Stage 1. Planning which stars and planets will be above the celestial horizon during civil and nautical twilight. Firstly, in the Nautical Almanac, look up the time of nautical twilight for your latitude.

To find out if a star or planet will be above the celestial horizon at your estimated position during nautical twilight, you need to take two things into account, its local hour angle and its declination. For a star or planet to be visible, its geographical position must be within 90 o east or west of our estimated longitude at the time of the planned observations.

We can explain this in the following way: Body is above horizon to the east if: Since the LHAs of these bodies are either less than 90 o or between o and o , they will be visible above the celestial horizon to the west and the east respectively. The following method can be used. Chosen Star: SHA of Arcturus: N19 o from the Nautical Almanac. Estimated Long: If the latitude is north, then the declination must be within the range 90 o north to 90 o — latitude south.

We can formulate the above statements as follows:. The procedure for calculating whether or not a planet will be above the horizon during civil and nautical twilight is the same as that for stars except for one thing. Whereas the Nautical Almanac does not list the GHA for stars, it does for planets, so for this reason, the procedure is made simpler as shown below:. Stage 2. Calculating Approximate Altitude And Azimuth.

We will discuss stage 2 in part 2 of this series. They will soon join the ever-present circumpolar constellations of Ursa Major and Minor, Cassiopeia, Perseus and Auriga. Leo, The Lion. Leo is one of the largest constellations in the sky and is visible throughout the Northern Hemisphere during the spring months and in the northern regions of the southern hemisphere during the summer and autumn months.

Leo is home to two navigational stars, Denobola and Regulus which are shown in the diagram above. From a navigation perspective, these stars are best seen for star sights during evening nautical twilight during the month of April.

The name Leo means Lion in Latin and the constellation, which is depicted as a crouching lion, is associated in Greek mythology with the lion of Nemea which was killed by Heracles as one of his twelve labours. How to find Leo. When the line of pointers in Ursa Major is produced in the opposite direction to the Pole Star, that is from Dubhe to Merak, it will point to Leo as shown in the diagram below.

Corona Borealis The Northern Crown. Alphecca , the brightest star in the group, is a navigational star and is best seen for star sights during morning and evening nautical twilight in April and May.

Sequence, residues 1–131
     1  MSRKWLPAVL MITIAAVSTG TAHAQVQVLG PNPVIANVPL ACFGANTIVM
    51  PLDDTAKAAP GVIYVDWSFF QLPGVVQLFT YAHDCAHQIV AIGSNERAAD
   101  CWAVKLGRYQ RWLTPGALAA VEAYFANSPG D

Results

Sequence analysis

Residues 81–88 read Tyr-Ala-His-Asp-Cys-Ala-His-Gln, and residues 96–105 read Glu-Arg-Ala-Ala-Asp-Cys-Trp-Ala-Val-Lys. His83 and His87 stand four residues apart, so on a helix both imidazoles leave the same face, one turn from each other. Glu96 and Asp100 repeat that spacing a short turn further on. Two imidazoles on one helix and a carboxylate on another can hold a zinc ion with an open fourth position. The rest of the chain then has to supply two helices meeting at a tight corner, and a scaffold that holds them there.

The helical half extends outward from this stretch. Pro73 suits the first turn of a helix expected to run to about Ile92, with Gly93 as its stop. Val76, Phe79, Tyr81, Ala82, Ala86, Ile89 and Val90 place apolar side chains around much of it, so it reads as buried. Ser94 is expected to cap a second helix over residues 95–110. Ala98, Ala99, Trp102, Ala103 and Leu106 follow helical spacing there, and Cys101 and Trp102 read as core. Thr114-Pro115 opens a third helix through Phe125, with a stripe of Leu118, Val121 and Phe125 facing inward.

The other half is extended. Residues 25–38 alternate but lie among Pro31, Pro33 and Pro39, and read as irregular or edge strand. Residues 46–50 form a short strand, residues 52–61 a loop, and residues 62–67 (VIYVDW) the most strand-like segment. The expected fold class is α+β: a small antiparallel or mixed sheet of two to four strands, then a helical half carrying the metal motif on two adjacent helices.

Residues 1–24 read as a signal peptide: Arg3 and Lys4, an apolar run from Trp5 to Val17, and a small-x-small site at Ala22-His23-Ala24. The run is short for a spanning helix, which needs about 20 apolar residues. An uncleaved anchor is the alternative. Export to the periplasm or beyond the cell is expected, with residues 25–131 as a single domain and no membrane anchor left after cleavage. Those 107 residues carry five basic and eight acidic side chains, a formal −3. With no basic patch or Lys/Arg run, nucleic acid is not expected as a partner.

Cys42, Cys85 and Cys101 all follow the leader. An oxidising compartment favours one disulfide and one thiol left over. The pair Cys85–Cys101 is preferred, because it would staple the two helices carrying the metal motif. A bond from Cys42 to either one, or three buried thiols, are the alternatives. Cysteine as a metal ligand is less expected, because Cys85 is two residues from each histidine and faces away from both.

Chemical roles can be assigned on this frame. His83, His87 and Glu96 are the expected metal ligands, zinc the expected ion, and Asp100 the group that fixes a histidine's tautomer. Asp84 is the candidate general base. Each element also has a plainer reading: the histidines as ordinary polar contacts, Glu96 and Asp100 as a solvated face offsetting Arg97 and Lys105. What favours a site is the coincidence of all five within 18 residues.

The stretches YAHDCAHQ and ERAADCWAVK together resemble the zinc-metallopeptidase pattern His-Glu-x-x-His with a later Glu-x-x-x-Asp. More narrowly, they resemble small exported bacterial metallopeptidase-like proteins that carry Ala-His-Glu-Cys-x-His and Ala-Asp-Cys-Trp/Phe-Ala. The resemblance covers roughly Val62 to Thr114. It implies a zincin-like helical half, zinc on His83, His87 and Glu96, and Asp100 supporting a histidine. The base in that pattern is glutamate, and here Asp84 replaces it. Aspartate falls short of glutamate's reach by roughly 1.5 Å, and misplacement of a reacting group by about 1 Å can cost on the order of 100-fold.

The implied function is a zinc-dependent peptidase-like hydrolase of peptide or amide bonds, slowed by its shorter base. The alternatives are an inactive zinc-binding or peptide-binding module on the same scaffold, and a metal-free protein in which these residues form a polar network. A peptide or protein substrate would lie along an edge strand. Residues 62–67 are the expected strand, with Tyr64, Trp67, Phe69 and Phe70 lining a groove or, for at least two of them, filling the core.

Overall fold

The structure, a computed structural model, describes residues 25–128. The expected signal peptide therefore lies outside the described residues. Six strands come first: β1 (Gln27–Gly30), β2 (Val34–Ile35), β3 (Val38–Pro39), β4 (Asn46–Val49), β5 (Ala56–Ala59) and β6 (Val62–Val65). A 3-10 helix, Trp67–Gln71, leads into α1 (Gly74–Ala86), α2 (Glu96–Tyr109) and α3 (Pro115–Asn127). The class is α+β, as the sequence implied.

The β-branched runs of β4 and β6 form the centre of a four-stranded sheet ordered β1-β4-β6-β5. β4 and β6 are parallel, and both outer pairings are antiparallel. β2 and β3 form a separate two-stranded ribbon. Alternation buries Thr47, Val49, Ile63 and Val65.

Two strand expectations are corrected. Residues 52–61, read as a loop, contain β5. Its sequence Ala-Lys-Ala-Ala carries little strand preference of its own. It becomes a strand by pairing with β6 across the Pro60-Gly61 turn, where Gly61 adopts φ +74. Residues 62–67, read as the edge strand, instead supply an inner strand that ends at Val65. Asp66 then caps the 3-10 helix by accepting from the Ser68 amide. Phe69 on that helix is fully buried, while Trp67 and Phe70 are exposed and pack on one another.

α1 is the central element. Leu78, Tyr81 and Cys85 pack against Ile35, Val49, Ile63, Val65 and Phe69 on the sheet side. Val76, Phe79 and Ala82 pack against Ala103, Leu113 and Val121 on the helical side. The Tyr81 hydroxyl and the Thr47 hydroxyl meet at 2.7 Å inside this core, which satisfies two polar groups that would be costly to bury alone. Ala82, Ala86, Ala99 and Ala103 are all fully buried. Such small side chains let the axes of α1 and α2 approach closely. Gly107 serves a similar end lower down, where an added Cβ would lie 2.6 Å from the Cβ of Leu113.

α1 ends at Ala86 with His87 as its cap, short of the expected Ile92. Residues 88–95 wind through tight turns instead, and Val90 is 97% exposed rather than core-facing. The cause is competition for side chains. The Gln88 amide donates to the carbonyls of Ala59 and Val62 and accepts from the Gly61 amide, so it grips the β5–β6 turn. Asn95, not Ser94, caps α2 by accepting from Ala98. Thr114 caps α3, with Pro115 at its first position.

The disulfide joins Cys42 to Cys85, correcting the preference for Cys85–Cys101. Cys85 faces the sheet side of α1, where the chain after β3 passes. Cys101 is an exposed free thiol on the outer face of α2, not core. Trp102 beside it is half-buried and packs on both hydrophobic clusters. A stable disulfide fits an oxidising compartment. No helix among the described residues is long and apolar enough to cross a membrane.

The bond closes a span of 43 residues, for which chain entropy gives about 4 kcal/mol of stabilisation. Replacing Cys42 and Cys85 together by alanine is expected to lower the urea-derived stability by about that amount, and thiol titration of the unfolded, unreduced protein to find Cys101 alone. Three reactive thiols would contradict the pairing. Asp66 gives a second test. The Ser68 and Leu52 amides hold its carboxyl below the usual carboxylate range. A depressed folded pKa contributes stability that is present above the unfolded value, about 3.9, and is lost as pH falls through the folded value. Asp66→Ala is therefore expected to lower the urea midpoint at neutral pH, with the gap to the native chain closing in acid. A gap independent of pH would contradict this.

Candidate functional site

Pdf astro navigation demystified

The main stars in Corona Borealis form a semi-circle which is associated with the crown of Ariadne in Greek mythology. It is said that the crown was given by Dionysus to Ariadne on their wedding day and after the wedding, he threw it into the sky where the jewels became stars which were formed into a constellation in the shape of a crown.

Virgo, the Virgin. Virgo lies over the southern hemisphere and is one of the largest constellations in the sky; it is visible between latitudes 80 o N and 80 o S. The brightest star in Virgo is Spica , the 15th brightest star in the sky and a very important navigational star which can be seen during morning nautical twilight from December through to May and during evening nautical twilight from April through to September.

In ancient Greek mythology, Virgo is associated with the goddess Dike, the goddess of justice and the constellation Virgo takes its name from the Latin for virgin or young maiden. Finding Virgo. If, as shown in the following diagram, we continue that curved line by another hand span from Arcturus we will come to the bright bluish-white star Spica in the constellation Virgo.

Hydra, the sea serpent. The constellation Hydra, the sea serpent, is the largest constellation in the night sky and it is also one of the longest constellations. It is best seen from the southern hemisphere, but can be observed in the northern hemisphere between January and May. Hydra contains one navigational star and that is Alphard which, for star sights, is best observed during evening nautical twilight during February, March and May.

In Greek mythology, Hydra represents the water snake brought to the god Apollo by the crow Corvus as an excuse for being late from his errand to fetch water. It may also represent the hydra from the myth of Hercules and his twelve labours.